Mortality analysis of African-American and white waitresses.
American Public Health Association 123rd Annual Meeting and Exhibition, San Diego, CA, October 29 - November 2, 1995. Washington, DC: American Public Health Association, 1995 Oct; :416
A mortality study of 20,217 deaths occurring among women employed as waitresses in 27 states is described. Race-cause-specific proportional mortality ratios (PMRs) were computed, using the corresponding 27-state mortality as the comparison. White female waitresses had excess mortality due to HIV, cancer of the oral cavity and pharynx, esophagus, larynx, trachea, bronchus, and lung, and bladder. Mortality was also elevated among white female waitresses for chronic obstructive pulmonary disease (COPD), chronic liver disease and cirrhosis, and homicide. A similar pattern was seen for black female waitresses with elevated mortality for cancer of the oral cavity and pharynx, esophagus, larynx and lung. Black females also had excess mortality due to malignant neoplasms of female genital organs, while HIV mortality was not elevated. Mortality for COPD, liver disease, and homicide were also elevated among black females. This study suggests public health intervention on behalf of waiters and waitresses to prevent or control occupational exposure to environmental tobacco smoke and to educate about health risks from smoking and consumption of alcohol.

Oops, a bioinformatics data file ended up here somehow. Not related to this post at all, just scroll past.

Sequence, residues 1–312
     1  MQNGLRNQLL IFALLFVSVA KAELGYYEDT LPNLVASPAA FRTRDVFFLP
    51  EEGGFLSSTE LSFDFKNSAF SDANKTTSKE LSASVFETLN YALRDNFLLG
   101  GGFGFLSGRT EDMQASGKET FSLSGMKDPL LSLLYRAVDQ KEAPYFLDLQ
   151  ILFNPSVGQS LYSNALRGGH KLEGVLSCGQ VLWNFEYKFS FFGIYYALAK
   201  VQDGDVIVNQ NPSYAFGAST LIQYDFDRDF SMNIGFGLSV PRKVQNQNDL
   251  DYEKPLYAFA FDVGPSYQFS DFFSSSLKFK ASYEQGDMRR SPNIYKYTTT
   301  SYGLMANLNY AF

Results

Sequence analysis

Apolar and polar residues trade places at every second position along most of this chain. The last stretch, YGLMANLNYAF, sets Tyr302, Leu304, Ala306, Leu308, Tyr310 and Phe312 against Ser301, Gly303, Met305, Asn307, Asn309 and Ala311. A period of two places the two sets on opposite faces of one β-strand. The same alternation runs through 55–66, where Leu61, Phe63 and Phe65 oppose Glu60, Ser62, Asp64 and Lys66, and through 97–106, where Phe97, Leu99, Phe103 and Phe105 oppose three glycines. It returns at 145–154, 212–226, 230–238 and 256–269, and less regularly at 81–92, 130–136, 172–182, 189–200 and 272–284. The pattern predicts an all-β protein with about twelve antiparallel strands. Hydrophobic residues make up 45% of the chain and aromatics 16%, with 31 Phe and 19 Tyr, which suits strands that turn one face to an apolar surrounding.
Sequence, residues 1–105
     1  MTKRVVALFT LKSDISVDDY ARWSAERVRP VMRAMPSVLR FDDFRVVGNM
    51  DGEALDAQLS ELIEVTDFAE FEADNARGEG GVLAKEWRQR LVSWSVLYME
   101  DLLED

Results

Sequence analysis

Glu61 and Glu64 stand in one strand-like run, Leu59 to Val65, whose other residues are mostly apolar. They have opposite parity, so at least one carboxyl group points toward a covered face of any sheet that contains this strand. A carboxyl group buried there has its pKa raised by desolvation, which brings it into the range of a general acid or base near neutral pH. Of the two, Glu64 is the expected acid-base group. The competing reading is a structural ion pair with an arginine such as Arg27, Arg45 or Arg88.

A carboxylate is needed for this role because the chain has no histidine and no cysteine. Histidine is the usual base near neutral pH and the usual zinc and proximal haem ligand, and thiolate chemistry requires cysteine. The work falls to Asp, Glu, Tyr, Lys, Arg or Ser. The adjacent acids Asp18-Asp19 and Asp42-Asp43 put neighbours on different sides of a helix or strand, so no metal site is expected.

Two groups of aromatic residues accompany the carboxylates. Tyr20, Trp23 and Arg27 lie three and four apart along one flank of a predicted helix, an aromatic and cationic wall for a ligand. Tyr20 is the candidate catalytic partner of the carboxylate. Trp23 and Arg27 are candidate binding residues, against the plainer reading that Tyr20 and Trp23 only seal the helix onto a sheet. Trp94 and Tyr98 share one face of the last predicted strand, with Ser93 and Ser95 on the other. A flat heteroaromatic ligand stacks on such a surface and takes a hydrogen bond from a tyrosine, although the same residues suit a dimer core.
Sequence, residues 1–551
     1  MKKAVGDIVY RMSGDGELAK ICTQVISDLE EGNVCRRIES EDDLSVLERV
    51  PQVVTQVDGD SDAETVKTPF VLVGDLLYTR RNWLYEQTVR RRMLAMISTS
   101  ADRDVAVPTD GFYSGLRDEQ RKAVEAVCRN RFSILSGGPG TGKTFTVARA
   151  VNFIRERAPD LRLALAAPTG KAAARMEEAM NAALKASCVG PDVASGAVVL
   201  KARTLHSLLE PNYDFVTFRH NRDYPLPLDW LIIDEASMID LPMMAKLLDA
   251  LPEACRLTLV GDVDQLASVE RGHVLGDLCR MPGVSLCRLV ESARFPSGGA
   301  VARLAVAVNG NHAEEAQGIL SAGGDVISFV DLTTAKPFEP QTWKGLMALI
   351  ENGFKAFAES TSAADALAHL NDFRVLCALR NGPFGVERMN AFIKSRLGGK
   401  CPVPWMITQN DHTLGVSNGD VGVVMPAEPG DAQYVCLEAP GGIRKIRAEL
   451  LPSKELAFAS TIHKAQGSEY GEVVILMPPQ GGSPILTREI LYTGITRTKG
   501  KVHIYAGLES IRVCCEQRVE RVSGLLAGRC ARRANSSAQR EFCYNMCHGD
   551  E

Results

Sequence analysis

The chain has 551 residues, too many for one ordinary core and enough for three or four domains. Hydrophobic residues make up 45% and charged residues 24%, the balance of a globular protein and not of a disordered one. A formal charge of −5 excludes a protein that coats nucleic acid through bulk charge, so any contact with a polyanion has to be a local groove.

Mortality-data; Mortality-rates; Mortality-surveys; Occupational-hazards; Occupational-health; Occupational-respiratory-disease; Larynx-cancer; Demographic-characteristics; Racial-factors; Bronchial-cancer; Smoking; Tobacco-smoke; Food-services; Cancer; Cancer-rates; Respiratory-system-disorders; Pulmonary-system-disorders; Liver-disorders
Conference/Symposia Proceedings; Abstract
American Public Health Association 123rd Annual Meeting and Exhibition, San Diego, CA, October 29 - November 2, 1995